This happens to be the International Year of Statistics. You might be thinking this is not your bag, but my point is that the sector has never needed good-quality data more than it does now.
2013 is likely to be the year the government spending cuts bite noticeably. We urgently need reliable information on what is happening to giving and funding. But we don't have it - I haven't got a clue what to make of the conflicting claims in the slew of recent surveys.
It seems that, out of anxiety to get to grips with the shifting ground under the sector's feet, we are rushing out findings that have disturbing inconsistencies - not only between different organisations, but within the same organisation.
To summarise from examples in recent months: younger people are losing the habit of giving (Charities Aid Foundation, September); charity income is up by 5.5 per cent in accounts filed in the year to September (Chris Harris, December); giving falls by a fifth (National Council for Voluntary Organisations/CAF, November); the next generation of philanthropists thinks big and is the driver of powerful philanthropy (CAF, November); major donors are giving more (CAF, November); Britain falls in generosity table (CAF, December); family foundation giving shows rise (Centre for Charitable Giving and Philanthropy/Pears, December); and million-pound donations fall to lowest level for five years (Coutts, December). We are left none the wiser - or are even being misled.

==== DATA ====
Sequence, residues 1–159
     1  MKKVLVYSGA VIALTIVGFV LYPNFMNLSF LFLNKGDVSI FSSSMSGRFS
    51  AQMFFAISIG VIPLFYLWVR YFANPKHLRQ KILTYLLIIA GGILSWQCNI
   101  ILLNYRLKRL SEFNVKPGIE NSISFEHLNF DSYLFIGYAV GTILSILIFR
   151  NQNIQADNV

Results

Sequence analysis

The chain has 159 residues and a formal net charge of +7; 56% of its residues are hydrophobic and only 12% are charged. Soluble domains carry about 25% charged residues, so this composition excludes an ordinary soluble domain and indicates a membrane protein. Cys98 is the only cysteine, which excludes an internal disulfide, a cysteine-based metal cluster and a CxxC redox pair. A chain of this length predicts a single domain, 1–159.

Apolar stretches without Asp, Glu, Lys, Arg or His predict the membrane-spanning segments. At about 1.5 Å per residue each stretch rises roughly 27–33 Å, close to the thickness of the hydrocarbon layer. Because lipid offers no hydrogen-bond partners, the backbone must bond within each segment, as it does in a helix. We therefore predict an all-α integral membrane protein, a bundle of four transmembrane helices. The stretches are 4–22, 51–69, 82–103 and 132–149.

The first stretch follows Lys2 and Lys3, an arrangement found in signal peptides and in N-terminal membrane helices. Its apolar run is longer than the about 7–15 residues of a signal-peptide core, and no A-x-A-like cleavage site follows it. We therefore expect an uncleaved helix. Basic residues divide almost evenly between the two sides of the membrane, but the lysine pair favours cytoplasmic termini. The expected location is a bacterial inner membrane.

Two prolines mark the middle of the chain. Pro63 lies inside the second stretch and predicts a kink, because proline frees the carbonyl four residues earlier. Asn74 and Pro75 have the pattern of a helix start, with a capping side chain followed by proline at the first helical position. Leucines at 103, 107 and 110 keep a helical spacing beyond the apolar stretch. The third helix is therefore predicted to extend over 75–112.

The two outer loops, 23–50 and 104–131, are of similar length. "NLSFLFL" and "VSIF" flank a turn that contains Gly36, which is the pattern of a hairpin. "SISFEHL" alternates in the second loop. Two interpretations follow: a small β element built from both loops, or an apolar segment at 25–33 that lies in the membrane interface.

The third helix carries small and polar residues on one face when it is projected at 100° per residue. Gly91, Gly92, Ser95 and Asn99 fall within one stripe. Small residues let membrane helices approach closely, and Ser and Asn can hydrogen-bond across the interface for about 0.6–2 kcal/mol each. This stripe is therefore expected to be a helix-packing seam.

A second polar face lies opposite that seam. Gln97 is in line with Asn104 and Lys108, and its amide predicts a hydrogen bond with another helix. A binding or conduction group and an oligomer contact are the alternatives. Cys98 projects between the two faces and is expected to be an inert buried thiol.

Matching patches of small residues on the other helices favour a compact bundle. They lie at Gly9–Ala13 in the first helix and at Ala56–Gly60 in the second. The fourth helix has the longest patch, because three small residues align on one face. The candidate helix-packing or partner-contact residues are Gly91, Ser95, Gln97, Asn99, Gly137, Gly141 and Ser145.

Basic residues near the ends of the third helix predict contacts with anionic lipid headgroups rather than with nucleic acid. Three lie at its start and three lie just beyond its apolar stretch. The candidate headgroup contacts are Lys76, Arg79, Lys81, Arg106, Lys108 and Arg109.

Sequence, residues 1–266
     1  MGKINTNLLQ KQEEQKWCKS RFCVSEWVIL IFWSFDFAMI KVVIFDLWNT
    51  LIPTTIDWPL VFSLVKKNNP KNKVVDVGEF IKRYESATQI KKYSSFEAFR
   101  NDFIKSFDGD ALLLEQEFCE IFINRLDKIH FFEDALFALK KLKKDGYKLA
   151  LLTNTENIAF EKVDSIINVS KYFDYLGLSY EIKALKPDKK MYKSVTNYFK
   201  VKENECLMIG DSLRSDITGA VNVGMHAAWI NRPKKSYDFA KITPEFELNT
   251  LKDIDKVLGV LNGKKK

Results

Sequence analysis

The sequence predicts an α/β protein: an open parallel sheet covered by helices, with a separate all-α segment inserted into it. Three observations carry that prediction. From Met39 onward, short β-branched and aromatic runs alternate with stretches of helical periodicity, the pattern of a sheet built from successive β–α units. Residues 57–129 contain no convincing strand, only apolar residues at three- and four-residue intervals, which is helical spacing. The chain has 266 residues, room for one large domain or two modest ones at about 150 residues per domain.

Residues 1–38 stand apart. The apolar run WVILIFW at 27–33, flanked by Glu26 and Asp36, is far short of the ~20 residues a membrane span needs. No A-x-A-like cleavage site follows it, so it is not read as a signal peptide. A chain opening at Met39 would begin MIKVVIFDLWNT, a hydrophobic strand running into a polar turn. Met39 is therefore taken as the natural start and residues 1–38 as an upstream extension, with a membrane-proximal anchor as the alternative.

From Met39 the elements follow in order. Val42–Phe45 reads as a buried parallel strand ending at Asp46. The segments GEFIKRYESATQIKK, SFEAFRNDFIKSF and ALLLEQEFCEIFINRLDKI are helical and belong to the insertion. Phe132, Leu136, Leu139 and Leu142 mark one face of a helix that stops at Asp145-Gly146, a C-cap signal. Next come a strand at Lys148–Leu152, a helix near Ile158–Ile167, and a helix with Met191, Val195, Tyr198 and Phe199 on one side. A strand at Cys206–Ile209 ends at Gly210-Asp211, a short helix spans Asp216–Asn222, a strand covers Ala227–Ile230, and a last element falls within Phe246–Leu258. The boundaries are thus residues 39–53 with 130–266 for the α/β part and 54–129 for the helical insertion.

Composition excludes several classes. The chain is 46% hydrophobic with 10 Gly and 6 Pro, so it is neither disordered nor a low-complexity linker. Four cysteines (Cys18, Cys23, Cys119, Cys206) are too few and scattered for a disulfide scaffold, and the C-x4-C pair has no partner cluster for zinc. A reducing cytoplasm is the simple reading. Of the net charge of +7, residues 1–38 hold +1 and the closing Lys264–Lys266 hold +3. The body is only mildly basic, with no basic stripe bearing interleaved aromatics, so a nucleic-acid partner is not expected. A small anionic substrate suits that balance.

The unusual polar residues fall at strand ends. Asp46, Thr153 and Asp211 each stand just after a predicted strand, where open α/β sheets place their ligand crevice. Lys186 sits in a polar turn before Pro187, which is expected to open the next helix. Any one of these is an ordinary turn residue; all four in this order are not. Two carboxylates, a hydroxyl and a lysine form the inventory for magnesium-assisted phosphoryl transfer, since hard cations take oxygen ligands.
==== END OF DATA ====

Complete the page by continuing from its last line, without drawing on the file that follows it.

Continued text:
The sector's data universe has been shrinking when we need it to expand. We do not have the large Guidestar database, and annual reports about the top fundraising charities are no longer published. Government investment in major sector-related surveys has been scaled back, so we no longer have surveys of central and local government spending on the sector, and the five-year funding from government and others of the Third Sector Research Centre and CGAP comes to an end this year, with their futures uncertain.
We need better statistics and should be wary of turning to claims based on fragmented research in which the samples might be small and varied. These allow for only imprecise estimates within a wide band of possible true values, as CGAP's recent briefing note, Give or Take a Few Billion, argues. Identifying real trends is difficult, tempting us to tell eye-catching stories by blurring boundaries between conclusions that are justified and those that are purely speculative. This generates confusion that will risk increasing scepticism. Instead, we need to evaluate what the evidence tells us in the round about the current financial trends.
That advocate for science, Brian Cox, recently expressed his fear that the advance of scientific knowledge has made us careless about the need for rationality, and we are happy to see those who believe complete drivel get the most media attention.
Cathy Pharoah is professor of charity funding at Cass Business School